Tuesday, 9 March 2010

Vintage ferries


How realistic is that charming cross-channel ferry on the ceramic map at Victoria Station? A vintage poscard of the ferry Dinard, which sailed the route from Southampton to St Malo in Brittany, shows that it really was very similar to the map illustration.


In fact, the steamer on the postcard was effectively owned by the same company as the steamer chugging down the map. Dinard came into service in 1924, a year after the Southern Railway had been formed by the merger of several companies including the London, Brighton and South Coast whose map featured our first steamer. It was built by William Denny & Bros of Dunbarton for the Southern Railway Company and could carry 1500 passengers. The ferry crossings went on until 1960, interrupted only by World War II when it became a hospital ship and participated in the Dunkirk evacuations. In 1946, it was converted to a car ferry with a capacity of 900 passengers and 80 cars, the latter loaded and unloaded by crane. Finally, it was sold to a Finnish company before being withdrawn from service altogether in 1970.

3 comments:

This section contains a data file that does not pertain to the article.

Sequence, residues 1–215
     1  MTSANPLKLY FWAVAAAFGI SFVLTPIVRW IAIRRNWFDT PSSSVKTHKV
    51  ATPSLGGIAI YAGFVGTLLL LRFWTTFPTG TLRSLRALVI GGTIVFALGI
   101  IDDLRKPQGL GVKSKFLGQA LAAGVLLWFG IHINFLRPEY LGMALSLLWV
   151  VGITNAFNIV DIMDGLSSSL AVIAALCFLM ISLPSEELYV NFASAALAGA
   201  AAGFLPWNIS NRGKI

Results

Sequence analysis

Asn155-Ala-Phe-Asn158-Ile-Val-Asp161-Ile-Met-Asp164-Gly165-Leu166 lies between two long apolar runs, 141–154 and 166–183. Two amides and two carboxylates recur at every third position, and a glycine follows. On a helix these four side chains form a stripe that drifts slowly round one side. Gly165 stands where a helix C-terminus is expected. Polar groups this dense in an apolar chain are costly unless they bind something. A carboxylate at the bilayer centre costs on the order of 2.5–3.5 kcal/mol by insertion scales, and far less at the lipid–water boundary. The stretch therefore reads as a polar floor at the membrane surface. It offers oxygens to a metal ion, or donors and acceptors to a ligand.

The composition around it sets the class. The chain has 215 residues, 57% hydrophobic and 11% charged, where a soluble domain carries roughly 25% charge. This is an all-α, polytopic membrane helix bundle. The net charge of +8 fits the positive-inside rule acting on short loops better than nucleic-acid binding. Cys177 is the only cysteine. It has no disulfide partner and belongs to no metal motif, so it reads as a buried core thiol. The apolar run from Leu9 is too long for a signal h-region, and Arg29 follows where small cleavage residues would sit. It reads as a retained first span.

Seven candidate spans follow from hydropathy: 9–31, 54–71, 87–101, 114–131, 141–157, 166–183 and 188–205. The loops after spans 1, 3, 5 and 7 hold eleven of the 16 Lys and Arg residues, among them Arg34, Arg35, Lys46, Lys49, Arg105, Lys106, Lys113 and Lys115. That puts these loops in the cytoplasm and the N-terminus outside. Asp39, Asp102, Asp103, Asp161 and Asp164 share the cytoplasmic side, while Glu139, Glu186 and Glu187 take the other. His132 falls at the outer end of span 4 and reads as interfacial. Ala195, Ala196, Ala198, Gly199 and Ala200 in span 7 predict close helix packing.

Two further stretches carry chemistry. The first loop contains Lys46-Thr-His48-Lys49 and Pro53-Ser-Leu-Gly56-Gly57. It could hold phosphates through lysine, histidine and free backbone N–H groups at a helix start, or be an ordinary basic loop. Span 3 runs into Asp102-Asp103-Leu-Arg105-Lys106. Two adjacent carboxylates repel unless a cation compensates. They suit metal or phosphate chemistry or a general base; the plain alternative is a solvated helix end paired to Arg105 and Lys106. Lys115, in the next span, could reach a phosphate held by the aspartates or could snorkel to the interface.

Adam said...

A very elegant looking ship, but judging from the trips I've taken on that route, it must have provided some rough rides sometimes!

By the way (and speaking again of 1924), I found some more information on the food that the British Olympic team rejected in Paris in favour of their own chef. Here is a typical daily menu, with wine at lunch and dinner!

"Petit déjeuner. — Café au lait ou chocolat ou thé avec pain, beurre et confitures ou deux oeufs au jambon avec thé.

Repas du midi. — I Hors d’oeuvre, — I poisson, ou I entrée, ou I oeuf, — I plat de viande, — I légume, — fromage,—- fruit. — ½ bouteille de vin rouge ou blanc, ou I canette de bière, ou ½ bouteille d’eau minérale, ou du café au lait ou du thé. — une tasse café.

Repas du soir. — I potage, — I entrée, — I plat de viande, — I légume, — I entremets, — desserts. — Boisson comme au repas de midi. — I tasse d’infusion"

Transpontine said...

But why Dinard? Must be some breton connection for you to dig into!

CarolineLD said...

Transpontine, I imagine Dinard because it was the nearest fashionable resort to St Malo (they're just across the Rance estuary from each other) so it would be the ultimate destination for many of the passengers. Looking at the list of Southern Railway ship names on Wikipedia, they were fond of place names (or not very imaginative!). There was also a Brighton, Canterbury, Arromanches, etc - and a Brittany.

Adam, that menu looks both substantial and alcoholic! It's sad to think of the British team saying 'Actually, we'd prefer over-boiled vegetables and over-cooked meat, thank you'.